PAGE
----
Standard Operating Procedure
An increasingly important property of contaminated media found at environmental sites is the bioavailabilty of individual contaminants. Bioavailability is the fraction of a contaminant that is absorbed by an organism via a specific exposure route. Many animal studies have been conducted to experimentally determine oral bioavailability of individual metals, particularly lead and arsenic. During the period 1989-97, a juvenile swine model developed by USEPA Region VIII was used to predict the relative bioavailability of lead and arsenic in approximately 20 substrates (Weis and LaVelle 1991; Weis et al. 1994). The bioavailability determined was relative to that of a soluble salt (i.e. lead acetate trihydrate or sodium arsenate). The tested media had a wide range of mineralogy, and produced a range of lead and arsenic bioavailabilty values. In addition to the swine studies, other animal models (e.g. rats and monkeys) have been used for measuring the bioavailabilty of lead and arsenic from soils.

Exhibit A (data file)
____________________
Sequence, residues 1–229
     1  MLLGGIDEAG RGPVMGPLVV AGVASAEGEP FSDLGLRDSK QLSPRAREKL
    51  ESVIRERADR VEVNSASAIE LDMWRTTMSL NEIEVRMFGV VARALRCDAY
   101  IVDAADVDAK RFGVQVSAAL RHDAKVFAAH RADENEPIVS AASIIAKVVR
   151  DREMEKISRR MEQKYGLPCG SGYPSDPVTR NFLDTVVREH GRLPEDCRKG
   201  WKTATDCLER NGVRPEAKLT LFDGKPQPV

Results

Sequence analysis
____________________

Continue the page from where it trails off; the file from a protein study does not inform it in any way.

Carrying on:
Several researchers have developed in vitro tests to measure the fraction of a chemical solubilized from a soil sample under simulated gastrointestinal conditions. The in vitro tests consist of an aqueous fluid, into which the contaminant is introduced. The solution than solubilizes the media under simulated gastric conditions. Once this procedure is complete, the solution is analyzed for lead and/or arsenic concentrations. The mass of the lead and/or arsenic found in the filtered extract is compared to the mass introduced into the test. The fraction liberated into the aqueous phase is defined as the bioavailable fraction of lead or arsenic in that media. To date, for lead-bearing materials tested in the USEPA swine studies, this in vitro assay has correlated well (R2 = 0.93, p= .0001) with relative bioavailability. Arsenic has yet to be fully validated but shows a promising correlation with in vivo results.